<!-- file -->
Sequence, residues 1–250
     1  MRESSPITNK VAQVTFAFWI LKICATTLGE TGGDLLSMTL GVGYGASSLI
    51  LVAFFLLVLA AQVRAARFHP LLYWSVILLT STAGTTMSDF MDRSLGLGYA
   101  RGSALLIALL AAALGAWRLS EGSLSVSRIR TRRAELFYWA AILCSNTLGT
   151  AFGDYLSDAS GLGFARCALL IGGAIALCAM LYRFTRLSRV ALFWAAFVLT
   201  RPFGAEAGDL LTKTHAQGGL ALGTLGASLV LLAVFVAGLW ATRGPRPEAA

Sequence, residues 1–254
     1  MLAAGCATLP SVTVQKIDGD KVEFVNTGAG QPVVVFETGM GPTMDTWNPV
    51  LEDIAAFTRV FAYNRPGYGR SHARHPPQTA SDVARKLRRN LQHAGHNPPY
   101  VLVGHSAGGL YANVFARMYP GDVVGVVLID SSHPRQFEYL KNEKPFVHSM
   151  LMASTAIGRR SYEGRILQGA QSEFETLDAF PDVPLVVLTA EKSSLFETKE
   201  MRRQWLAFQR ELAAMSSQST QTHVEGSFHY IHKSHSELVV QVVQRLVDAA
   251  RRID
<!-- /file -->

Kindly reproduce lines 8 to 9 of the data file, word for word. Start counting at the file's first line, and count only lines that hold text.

     1  MLAAGCATLP SVTVQKIDGD KVEFVNTGAG QPVVVFETGM GPTMDTWNPV
    51  LEDIAAFTRV FAYNRPGYGR SHARHPPQTA SDVARKLRRN LQHAGHNPPY